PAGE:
Why Heart Patients Should Kick Butts. Part 5

“Smoking is highly addictive, and quitting is very difficult,” said David J. Cohen, M.D., M.Sc., associate director of interventional cardiology at Beth Israel Deaconess Medical Center and assistant professor of medicine at Harvard University in Boston.

Cohen recently completed a study, published in the Sept. 18 issue of Circulation: Journal of the American Heart Association, that found people who continue to smoke after undergoing balloon angioplasty or other procedures to open blocked heart arteries have a lower quality of life than nonsmokers and quitters.

“A number of drugs, along with behavior modification therapy, have been shown to help patients quit, and we need to put more emphasis on these,” Cohen said. “But, the first step has to be a sincere desire to quit on the part of the patient.”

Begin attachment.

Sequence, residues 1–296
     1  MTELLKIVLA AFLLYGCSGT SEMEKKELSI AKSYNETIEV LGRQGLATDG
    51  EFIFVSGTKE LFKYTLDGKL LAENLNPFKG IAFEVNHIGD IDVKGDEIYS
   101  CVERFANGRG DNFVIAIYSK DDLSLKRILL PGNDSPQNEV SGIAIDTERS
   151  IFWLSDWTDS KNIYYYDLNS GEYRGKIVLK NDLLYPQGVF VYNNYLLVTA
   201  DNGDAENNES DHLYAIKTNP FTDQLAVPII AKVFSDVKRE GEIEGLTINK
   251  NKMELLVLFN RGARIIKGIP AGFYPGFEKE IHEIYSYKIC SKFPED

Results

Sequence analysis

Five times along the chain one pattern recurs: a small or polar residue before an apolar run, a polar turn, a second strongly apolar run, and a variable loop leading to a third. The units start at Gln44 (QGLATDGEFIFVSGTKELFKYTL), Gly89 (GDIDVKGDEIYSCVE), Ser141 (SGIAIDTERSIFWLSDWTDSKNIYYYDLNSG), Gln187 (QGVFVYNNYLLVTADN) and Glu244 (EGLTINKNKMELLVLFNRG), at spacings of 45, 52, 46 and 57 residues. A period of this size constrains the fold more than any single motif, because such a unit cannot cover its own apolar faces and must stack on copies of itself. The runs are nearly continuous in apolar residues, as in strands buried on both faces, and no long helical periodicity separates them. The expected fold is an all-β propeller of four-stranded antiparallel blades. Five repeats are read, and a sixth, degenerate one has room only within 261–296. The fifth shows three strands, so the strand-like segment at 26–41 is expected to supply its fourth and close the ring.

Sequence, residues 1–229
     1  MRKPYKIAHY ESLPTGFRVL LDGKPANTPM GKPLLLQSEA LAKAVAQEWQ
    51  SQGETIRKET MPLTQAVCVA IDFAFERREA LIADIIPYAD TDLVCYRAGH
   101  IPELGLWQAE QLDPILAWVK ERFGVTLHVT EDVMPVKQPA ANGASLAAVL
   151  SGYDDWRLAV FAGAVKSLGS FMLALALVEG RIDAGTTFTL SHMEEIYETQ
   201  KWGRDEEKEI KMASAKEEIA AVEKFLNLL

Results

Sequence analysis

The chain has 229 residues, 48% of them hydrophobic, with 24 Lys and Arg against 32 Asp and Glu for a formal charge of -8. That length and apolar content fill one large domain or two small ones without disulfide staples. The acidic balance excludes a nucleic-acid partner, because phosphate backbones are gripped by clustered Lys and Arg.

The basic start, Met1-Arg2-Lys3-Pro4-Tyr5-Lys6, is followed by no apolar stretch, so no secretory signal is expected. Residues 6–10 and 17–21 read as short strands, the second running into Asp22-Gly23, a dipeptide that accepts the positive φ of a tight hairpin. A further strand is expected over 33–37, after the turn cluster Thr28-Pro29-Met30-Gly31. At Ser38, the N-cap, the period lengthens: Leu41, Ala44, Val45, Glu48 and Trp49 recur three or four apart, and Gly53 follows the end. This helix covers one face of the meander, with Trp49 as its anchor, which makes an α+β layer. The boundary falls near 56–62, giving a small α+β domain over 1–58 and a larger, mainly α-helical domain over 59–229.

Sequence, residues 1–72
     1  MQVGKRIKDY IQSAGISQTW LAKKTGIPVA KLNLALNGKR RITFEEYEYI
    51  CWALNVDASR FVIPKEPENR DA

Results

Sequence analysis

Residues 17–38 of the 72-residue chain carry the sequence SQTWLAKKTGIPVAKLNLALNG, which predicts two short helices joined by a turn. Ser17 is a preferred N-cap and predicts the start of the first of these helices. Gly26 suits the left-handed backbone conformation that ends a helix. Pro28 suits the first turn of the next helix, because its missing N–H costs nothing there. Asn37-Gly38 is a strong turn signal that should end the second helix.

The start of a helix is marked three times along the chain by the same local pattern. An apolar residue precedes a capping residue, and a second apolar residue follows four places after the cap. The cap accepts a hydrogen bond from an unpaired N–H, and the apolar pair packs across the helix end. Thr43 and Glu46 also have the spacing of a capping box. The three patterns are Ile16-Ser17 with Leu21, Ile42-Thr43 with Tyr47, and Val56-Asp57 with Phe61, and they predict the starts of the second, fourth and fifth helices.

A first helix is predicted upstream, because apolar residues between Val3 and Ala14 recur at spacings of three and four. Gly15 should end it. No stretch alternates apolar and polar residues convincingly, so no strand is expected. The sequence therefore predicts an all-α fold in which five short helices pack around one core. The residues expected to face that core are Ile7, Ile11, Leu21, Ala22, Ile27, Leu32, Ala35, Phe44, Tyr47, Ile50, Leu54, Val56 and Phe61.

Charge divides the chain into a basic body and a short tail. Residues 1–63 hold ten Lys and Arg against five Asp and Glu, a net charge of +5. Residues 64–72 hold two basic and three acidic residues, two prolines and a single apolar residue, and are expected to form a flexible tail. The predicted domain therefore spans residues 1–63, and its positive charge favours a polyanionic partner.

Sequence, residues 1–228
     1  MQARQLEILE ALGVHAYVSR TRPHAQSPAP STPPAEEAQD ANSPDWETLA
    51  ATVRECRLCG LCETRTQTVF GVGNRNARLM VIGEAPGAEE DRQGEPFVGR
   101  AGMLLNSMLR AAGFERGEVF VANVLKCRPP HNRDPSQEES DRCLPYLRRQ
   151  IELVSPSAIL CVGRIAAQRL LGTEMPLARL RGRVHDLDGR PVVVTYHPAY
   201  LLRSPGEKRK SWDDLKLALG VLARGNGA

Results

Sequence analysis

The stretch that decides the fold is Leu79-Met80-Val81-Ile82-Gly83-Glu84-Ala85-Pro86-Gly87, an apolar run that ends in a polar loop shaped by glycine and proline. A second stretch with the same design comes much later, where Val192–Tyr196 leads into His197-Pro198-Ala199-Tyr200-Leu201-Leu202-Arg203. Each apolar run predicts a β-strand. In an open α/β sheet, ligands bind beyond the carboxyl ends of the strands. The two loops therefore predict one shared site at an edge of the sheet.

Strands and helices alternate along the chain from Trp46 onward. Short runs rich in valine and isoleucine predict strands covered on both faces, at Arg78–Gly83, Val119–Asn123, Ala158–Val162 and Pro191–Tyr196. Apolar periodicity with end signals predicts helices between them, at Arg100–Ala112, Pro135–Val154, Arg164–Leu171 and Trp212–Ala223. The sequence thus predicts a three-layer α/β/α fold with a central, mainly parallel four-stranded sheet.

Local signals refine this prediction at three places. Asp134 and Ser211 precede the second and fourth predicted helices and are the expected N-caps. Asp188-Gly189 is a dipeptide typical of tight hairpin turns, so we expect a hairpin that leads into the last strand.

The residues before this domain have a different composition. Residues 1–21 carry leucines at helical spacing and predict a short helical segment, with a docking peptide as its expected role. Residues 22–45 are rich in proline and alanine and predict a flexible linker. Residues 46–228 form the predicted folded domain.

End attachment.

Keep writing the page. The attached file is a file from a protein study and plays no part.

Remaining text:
The fact that quitting smoking is tough shouldn’t deter you, though. According to the Centers for Disease Control, there are plenty of reasons to give your heart a break:

  • You will live longer and better.
  • Quitting will lower your chance of having a heart attack, stroke, or cancer.
  • Quitting will lower your chance of having a second bypass operation or angioplasty procedure.
  • If you are pregnant, quitting smoking will improve your chances of having a healthy baby.
  • The people you live with — especially your children — will be healthier.
  • You will have extra money to spend on things other than cigarettes.

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